un-mandated," he said, adding it is a "funny situation and a season for
everybody for making proposals."
He acknowledged that some of the new issues such as e-commerce are the
alternative gateway in a world which is changing.
Even though e-commerce is a part of the new world with huge advantages for many
people, it could also "land up in a winner takes it all model as it is
skewed towards the few while many others will be left behind," he
"That is what is happening now and until that is changed, multilateral
cooperation has a role to play in creating inclusivity," he said.
Minister Davies emphasized that "If members just have the traditional
rules for trade (on e-commerce) that will freeze the status quo and enhances
and strengthens the advantages of the early comers against the late
He said South Africa has no problem about a work program or conversations or
discussions for creating greater inclusivity for addressing development
"But there is a huge gulf between that and saying that we are about to
write international rules, legally-binding multilateral trade rules,"
Minister Davies argued.
The United States Trade Representative Robert Lighthizer said outcomes in
international trade must remain "free, fair, and reciprocal" while
insisting that there is no convergence on the possible deliverables for the
Buenos Aires meeting.
Ambassador Lighthizer severely criticized the workings of the WTO, particularly
the rulings issued by Dispute Settlement Body and the Appellate Body.
Ambassador Lighthizer did not mince words, suggesting that the global trade
body is not "perfect." He said there is a dynamic discussion
currently underway in the US on the ongoing trade issues, emphasizing that
international trade should be "free, fair, and reciprocal."
The USTR said Washington has lot of concerns with the WTO, especially on the
rulings delivered by the Dispute Settlement Body and the Appellate Body.
Ambassador Lighthizer said there is lack of transparency in the WTO in terms of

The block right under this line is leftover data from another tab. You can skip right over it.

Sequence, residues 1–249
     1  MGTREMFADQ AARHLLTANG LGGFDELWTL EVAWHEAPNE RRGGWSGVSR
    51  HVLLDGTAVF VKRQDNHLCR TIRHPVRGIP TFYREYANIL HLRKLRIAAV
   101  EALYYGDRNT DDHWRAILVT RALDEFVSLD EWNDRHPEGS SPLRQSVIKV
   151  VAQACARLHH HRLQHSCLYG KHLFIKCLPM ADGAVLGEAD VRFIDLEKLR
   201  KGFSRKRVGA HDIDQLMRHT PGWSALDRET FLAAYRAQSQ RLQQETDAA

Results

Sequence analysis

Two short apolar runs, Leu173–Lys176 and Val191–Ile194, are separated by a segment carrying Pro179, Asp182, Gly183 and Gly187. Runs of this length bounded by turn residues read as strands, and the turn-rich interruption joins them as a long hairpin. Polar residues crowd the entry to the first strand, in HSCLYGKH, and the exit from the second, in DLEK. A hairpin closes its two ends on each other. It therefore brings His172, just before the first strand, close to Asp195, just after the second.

failure to comply with notifications, and some countries have not notified
their subsidy and other measures - which is a major challenge to address at the
As regards the preparations for the WTO's eleventh ministerial meeting and the
expected deliverables, Ambassador Lighthizer said he sees little convergence on
any of the issues at this juncture.
Trade ministers from several countries - the European Union, Japan, Australia,
New Zealand, Brazil, Argentina, and Korea among others - delivered an
optimistic assessment of the possible deliverables at the Buenos Aires meeting.
They mentioned a list of deliverables on fisheries subsidies, domestic
regulation in services, trade-distorting domestic support, digital trade,
investment facilitation, and small and medium enterprises.
The three-hour meeting attended by trade ministers from more than two dozen
countries revealed sharp differences over the deliverables for the eleventh
Effectively, there is no consensus on what must be accomplished at the Buenos
Aires meeting in seven months.
WTO director-general Roberto Azevedo delivered a sombre assessment, saying that
he cannot see any low- hanging fruits for harvesting in Buenos Aires. He
encouraged members to accelerate work in Geneva.
Argentina said the Buenos Aires meeting must deliver concrete outcomes on
issues that are currently being discussed in Geneva.
It suggested three informal ministerial meetings - two in Geneva before the
summer break and one in Marrakesh in the second week of October.
The EU's trade commissioner Cecilia Malmstrom suggested that domestic
regulation, trade-distorting domestic support, and e-commerce among others
could be finalized at the Buenos Aires meeting.
Japan spoke about digital trade, and investment as the possible candidates.
Japan also called for resuming the stalled negotiations on the plurilateral
initiatives for environmental goods and Trade in Services Agreement.
In short, the Paris meeting failed to produce any consensus as major
industrialized countries along with several developing countries attempted to
pull the agenda hard in favour of new issues while leading developing countries
stuck to their core Doha issues, trade ministers said. +